Teachers and other adults were in the halls talking with the students. A brief bell rang with an accompanying announcement that everyone had one minute to move to their “advisories.” Within 45 seconds the halls were clear and, as I slowly walked down the hallway and peered into the classrooms, teachers and students were talking to each other as they were sitting down at their tables and desks. As soon as I walked into the main office, I was greeted by the receptionist. I stated that I was there for a job interview and was subsequently shown where to sit and offered a cup of coffee. I noticed that in the office everyone, students and adults alike, were greeted with kindness and respect. Immediately after morning announcements, the principal come out to greet me. She invited me back to her office for the formal interview and introduced me to the other office personnel as we walked back. The interview was comfortable but clinical. There were four people, the principal and three teachers interviewing me. I was told the strengths and concerns of the building. I was also told that this school had a balanced staff of beginning, mid-level and senior staff and turnover was rare.
I was also told later in the interview that approximately 70% of the children were on free and reduced lunch but that, “economic poverty did not translate to social and moral poverty.” The principal and interview committee walked me around the building. I noticed the teachers were engaged with their students and the students are engaged with their teachers. The principal bragged about the physical education, art and vocational aspects of the school that, “were not tested but were essential in the life of the school.”
In one self-contained classroom of students with autism, students from one of the elective classes were working with the special needs students. I was told that half of the cafeteria workers and several of the school aids and assistants had been parents who volunteered in the school and then sought employment here. Upon completing the interview, the principal stated that I was the last person to be interviewed for the position. At 4:00 that afternoon, I received a phone call. I was offered the position and accepted it immediately.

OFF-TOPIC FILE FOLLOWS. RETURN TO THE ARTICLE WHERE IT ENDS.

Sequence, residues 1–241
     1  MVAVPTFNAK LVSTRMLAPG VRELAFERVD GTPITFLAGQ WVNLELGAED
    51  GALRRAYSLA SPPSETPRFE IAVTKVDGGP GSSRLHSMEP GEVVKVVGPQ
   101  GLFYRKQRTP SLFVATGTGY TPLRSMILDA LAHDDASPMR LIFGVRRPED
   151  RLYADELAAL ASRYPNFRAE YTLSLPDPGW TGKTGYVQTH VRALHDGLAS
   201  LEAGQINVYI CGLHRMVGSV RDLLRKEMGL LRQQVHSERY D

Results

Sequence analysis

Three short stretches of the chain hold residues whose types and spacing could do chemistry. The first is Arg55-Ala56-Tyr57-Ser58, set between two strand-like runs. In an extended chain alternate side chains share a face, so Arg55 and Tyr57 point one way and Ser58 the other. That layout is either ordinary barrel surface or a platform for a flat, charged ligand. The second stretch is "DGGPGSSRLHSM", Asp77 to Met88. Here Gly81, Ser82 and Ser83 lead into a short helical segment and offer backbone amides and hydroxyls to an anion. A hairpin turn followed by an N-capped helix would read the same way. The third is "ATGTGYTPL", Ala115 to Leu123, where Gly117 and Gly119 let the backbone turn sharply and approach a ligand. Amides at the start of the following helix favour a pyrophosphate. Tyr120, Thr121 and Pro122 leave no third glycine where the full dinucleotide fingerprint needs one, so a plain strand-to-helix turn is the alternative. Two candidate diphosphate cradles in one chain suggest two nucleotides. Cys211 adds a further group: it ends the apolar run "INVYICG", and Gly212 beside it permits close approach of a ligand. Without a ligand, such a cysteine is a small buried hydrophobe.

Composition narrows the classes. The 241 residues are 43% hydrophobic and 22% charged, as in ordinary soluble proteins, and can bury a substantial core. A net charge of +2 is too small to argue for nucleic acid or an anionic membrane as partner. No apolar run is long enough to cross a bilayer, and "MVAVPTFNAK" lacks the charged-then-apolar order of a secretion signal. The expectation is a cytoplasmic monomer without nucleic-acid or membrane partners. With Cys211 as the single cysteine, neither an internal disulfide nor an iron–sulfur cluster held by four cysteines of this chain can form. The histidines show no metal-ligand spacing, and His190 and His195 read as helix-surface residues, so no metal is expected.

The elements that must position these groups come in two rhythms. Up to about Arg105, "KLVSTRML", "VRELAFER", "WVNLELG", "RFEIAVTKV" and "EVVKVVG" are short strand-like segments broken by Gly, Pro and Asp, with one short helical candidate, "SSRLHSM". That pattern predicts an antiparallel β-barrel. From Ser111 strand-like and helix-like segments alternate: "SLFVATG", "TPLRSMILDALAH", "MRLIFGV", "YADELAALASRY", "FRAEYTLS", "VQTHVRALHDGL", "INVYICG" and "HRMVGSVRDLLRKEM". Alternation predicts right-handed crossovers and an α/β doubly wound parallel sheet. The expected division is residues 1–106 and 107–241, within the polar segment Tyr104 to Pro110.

Begin at the Beginning
Now what is interesting about her letter to me was the fact that the schools were both serving the same socio/economic students and families, but how they served their students made all the difference. It seemed to me that “East” Middle valued relationships and routines in their school that were designed to develop character in their students as well as others stakeholders in the building. “West” would have been hard placed to state what they valued other than maintaining order. “East” valued development and “West” valued control. As we are beginning a new year with our new or returning school family, let us take some time, as school stakeholders, to determine, model and live what we value as we spend this potentially wonderful year together. Let us examine our prejudices and commit to fostering positive relationships among all stakeholders as we develop routines that will enable all to prosper to the best of their abilities. This is not easy and it will take time, but I assure you it is worth the time and effort. You see, I want my future grandchildren in a school like “East.” I want them around people like the faculty of “East.” How about you?
Dr. Philip Vincent is the former Director of the Character Development Group and Character Development Publishing. He is also a 2007 Sandy Award winner. Phil has published numerous books and has traveled extensively throughout the United States and Canada working with schools and school district on comprehensive character education. Phil lives in the northwest mountains of North Carolina with his wife Cindy and their dogs. He is presently awaiting news of a (hopefully) forthcoming grandchild! You can reach Phil at firstname.lastname@example.org and yes he still prefers that email address!!!!! You can check out more from Dr. Vincent in his book Relationships + Rules + Routines = Results.